Student affairs group, NASPA, promotes outdated guide on campus sexual violence, misstates law [UPDATED]

April 12, 2021

UPDATE, April 16: NASPA has added a note to the page for its CORE Blueprint acknowledging that the document has not been updated since February 2017, and providing links to more recent guidance documents. The note further states that “an updated edition of the CORE Blueprint is in development and expected fall 2021.” FIRE is glad to see this clarification and hopes that, in the meantime, NASPA will ensure the current edition of the document is not used to advise colleges and universities on Title IX requirements.


The largest association of student affairs administrators in the country appears to be using obsolete and inaccurate information about Title IX requirements to advise colleges and universities on addressing campus sexual violence.

Through its Culture of Respect initiative, the National Association of Student Personnel Administrators says it aims to build the capacity of educational institutions to stop sexual violence on campus. The initiative includes the Culture of Respect Collective, a two-year program that “brings together institutions of higher education who are dedicated to ending campus sexual violence and guides them through a rigorous process of self-assessment and targeted organizational change.”

NASPA recently announced that 19 new colleges and universities will be participating in the fifth cohort of the program. Those institutions will rely on NASPA’s “signature tools,” including the second edition of its CORE Blueprint, which sets forth “recommended practices for addressing campus sexual violence, based on evidence-based research, expert guidance, and promising and emerging practices.”

Unfortunately, that means those institutions may be relying on outdated and inaccurate information.

NASPA’s CORE Blueprint appears not to have been substantially updated since 2017. As a result, its recommendations to schools for developing policies governing the investigation and adjudication of sexual misconduct allegations are replete with references to defunct federal guidance and misstatements of the relevant law. The CORE Blueprint repeatedly cites the Department of Education’s 2011 “Dear Colleague” letter and an accompanying 2014 Title IX guidance document, both of which were rescinded four years ago. Naturally, there is also no mention of the legally binding new Title IX regulations enacted last year. 

NASPA's CORE Blueprint does not appear to have been substantially updated since approximately 2017. In that time, federal regulations surrounding the implementation of Title IX have changed dramatically.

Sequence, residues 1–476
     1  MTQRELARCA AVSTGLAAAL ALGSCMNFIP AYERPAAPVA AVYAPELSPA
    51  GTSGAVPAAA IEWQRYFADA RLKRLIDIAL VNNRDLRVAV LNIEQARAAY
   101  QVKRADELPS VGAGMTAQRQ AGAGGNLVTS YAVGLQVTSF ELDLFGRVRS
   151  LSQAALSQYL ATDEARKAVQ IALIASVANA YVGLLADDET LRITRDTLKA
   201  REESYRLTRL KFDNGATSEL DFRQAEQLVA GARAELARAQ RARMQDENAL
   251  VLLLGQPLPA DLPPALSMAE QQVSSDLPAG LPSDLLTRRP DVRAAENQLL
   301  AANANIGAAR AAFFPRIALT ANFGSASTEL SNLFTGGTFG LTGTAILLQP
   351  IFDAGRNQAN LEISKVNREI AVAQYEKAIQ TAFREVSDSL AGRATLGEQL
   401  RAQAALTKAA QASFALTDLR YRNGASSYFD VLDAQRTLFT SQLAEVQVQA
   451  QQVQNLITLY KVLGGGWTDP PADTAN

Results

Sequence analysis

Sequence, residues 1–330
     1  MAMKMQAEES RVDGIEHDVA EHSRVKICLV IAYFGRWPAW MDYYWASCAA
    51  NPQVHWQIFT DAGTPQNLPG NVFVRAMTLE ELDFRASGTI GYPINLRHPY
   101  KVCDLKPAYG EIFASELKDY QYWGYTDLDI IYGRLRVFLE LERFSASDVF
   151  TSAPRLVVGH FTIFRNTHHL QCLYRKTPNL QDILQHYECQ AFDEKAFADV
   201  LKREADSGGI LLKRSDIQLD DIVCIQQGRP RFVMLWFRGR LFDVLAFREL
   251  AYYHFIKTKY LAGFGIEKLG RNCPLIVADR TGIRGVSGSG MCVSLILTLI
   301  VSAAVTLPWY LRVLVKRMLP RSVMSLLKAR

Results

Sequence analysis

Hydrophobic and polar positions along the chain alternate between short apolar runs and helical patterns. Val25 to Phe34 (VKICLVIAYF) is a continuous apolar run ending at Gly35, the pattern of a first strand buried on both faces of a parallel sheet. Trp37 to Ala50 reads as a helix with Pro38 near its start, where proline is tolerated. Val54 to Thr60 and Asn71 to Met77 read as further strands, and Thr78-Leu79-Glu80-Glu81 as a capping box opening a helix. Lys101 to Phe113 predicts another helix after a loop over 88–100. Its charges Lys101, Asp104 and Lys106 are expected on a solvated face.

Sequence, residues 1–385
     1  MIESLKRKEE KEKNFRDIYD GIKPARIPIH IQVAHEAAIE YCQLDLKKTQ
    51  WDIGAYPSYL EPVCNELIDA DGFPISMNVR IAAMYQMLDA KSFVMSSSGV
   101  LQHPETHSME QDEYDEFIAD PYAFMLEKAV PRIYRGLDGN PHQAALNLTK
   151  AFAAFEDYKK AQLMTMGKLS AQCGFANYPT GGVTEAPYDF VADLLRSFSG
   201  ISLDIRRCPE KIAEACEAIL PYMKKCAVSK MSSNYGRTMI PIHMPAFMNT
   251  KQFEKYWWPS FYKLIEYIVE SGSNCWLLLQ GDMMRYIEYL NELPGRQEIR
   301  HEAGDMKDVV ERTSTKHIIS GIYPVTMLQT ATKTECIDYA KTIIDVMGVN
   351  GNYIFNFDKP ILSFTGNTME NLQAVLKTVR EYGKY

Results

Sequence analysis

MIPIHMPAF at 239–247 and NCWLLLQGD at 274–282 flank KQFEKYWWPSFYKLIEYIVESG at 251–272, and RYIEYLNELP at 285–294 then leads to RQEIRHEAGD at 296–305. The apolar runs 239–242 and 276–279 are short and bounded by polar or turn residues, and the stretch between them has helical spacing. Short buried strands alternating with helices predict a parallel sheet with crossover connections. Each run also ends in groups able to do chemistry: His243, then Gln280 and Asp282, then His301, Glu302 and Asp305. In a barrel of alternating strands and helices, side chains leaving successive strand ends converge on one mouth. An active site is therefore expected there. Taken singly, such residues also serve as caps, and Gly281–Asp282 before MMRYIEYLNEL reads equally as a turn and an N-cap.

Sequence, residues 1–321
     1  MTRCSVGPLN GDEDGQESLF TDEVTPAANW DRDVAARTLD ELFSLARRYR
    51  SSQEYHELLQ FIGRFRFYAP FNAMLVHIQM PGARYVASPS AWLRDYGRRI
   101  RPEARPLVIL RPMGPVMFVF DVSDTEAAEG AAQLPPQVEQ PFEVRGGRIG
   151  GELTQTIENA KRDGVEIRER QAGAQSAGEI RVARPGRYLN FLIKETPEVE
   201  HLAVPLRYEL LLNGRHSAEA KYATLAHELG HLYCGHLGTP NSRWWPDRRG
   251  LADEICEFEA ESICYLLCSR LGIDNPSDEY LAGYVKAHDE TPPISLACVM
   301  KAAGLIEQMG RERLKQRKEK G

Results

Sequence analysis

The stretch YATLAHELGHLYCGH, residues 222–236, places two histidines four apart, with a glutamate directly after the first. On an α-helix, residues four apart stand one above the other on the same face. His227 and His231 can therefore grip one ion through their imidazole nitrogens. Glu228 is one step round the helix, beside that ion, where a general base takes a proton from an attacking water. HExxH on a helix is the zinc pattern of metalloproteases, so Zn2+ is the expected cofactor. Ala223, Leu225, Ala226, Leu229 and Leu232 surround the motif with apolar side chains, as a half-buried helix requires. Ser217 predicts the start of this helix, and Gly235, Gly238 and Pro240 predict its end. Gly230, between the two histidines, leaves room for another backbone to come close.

Relying on old guidance, the document incorrectly and repeatedly states that colleges and universities are required to use the “preponderance of the evidence” standard of proof to adjudicate allegations of sexual misconduct. To the contrary, the new Title IX regulations allow schools to choose between the preponderance of the evidence standard and the more stringent (and as FIRE has argued, more appropriate) “clear and convincing evidence” standard.

The CORE Blueprint is behind on the applicable law in other ways as well. It incorrectly suggests that schools may use the “Single Investigator Model” to review sexual misconduct allegations. Under this approach, accused students are not afforded a hearing, and one individual may be responsible for both investigating and adjudicating the complaint. However, the current Title IX regulations make clear that the decision-maker cannot be the same person as the Title IX coordinator or investigator, and institutions must provide for a live hearing where the parties’ advisors may cross-examine witnesses. 

NASPA’s CORE Blueprint also states that schools are not required to establish an appeals process. This is false. The current regulations require schools to allow both complainants and accused students to appeal adverse decisions.

Although NASPA’s Culture of Respect initiative appears to be a well-intentioned effort to help colleges and universities address the critical issue of sexual violence on campus, it does that mission a disservice when its training, advice, and public-facing documentation contains inaccurate information. NASPA’s misleading and, at times, flatly incorrect guidance puts those institutions at risk of violating federal law and jeopardizes their students’ rights in the process.

In light of the “[u]npredictable and frequent changes in federal regulations and case law,” the CORE Blueprint advises colleges and universities to “review and update their sexual misconduct policy as needed and, at a minimum, annually.” FIRE agrees and recommends NASPA do the same with its CORE Blueprint and other guides.